Assisted Living Programs

Safe Harbour House staff ICCS

There are four assisted living programs at ICCS and John manages all of them as well as our new recovery program, David’s Place. On a warm and sunny day we meet at Safe Harbour house and sit outside in the garden’s pagoda for the interview.

John oversees Safe Harbour House, Crescent House (both of which are assisted living programs), the Bridge, our recovery assisted living program, and Hirst House which is a combination of crisis stabilization and supportive living supports. In addition, he manages our newest recovery program, David’s Place.

Safe Harbor House is a five bed program with one overflow bed and has a recovery focus. The Bridge, adjacent to Safe Harbour House, is also a five bed program with one overflow bed. It provides long term supportive stays to clients who have reached a level of stability in their recovery but benefit from continuing support.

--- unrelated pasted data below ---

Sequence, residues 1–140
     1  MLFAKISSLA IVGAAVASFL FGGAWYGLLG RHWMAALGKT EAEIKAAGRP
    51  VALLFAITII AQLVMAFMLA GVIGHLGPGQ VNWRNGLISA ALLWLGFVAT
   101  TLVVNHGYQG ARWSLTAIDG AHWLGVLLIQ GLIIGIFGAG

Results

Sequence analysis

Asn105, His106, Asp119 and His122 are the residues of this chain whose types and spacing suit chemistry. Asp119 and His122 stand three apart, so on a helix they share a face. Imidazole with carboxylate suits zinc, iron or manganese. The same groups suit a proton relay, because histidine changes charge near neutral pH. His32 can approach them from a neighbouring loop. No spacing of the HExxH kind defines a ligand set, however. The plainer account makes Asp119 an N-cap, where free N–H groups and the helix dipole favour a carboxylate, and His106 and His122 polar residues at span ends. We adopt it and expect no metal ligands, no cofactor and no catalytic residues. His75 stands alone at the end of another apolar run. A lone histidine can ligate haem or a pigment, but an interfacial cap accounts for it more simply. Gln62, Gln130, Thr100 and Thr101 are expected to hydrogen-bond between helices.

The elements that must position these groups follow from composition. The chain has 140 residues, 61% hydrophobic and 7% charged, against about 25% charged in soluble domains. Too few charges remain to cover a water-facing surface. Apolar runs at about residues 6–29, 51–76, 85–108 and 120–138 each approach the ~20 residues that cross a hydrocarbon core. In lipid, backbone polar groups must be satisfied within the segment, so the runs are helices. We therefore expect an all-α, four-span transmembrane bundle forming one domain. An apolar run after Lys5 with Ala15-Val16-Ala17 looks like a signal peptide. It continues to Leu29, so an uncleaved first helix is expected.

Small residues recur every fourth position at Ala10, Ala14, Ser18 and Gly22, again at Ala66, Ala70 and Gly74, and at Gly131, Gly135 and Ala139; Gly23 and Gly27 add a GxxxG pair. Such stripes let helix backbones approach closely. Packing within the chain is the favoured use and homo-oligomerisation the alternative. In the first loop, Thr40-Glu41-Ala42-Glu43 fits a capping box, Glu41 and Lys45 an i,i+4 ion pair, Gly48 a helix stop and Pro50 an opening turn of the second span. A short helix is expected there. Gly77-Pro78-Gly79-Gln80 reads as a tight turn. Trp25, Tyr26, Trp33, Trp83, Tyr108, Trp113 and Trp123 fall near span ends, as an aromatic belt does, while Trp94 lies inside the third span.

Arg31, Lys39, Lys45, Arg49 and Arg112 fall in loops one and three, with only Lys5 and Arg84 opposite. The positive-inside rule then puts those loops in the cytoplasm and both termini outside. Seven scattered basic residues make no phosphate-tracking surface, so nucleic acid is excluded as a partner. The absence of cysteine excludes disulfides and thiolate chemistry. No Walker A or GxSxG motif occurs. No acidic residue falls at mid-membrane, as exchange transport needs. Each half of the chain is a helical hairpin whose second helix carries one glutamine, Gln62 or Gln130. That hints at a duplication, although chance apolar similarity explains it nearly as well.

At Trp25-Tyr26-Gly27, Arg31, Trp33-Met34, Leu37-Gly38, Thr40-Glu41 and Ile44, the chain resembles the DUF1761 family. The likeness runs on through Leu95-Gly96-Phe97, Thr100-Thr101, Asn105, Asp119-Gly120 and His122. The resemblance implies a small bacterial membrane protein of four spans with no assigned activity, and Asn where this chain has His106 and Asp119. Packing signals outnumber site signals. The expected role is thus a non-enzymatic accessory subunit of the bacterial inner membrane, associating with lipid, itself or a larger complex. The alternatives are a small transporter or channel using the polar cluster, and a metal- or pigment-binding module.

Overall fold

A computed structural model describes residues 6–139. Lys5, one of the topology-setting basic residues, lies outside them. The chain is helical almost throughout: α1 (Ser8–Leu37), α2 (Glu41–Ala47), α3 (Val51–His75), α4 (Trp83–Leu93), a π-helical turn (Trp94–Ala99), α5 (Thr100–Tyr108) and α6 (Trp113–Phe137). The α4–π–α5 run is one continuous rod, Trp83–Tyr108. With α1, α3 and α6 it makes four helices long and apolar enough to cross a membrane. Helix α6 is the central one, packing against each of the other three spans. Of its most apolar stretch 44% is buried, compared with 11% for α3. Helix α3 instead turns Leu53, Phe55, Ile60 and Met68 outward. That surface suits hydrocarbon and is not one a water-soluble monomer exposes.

Crescent House has 6 crisis stabilization beds providing longer stabilization for individuals in need of additional services.

Hirst House provides 6 assisted living/crisis stabilization beds to clients from Oceanside and surrounding communities. All assisted living programs are co-ed and are regulated under the assisted living legislation in BC. There is always an assessment before a resident arrives at any of the sites and everything has to go through the Mental Health Substance Use Team with Island Health.

Once clients arrive at one of the programs they are provided with a private room. Stays can be from one night to several months. Often, clients are transitioning from one place to another and the assisted living program can fill in the gap in between.

The Bridge can accommodate longer stays because clients tend to be a little further along in their recovery journey. Staff tries to keep the program as substance free as possible. The goal is to provide a quiet, low stimulation environment.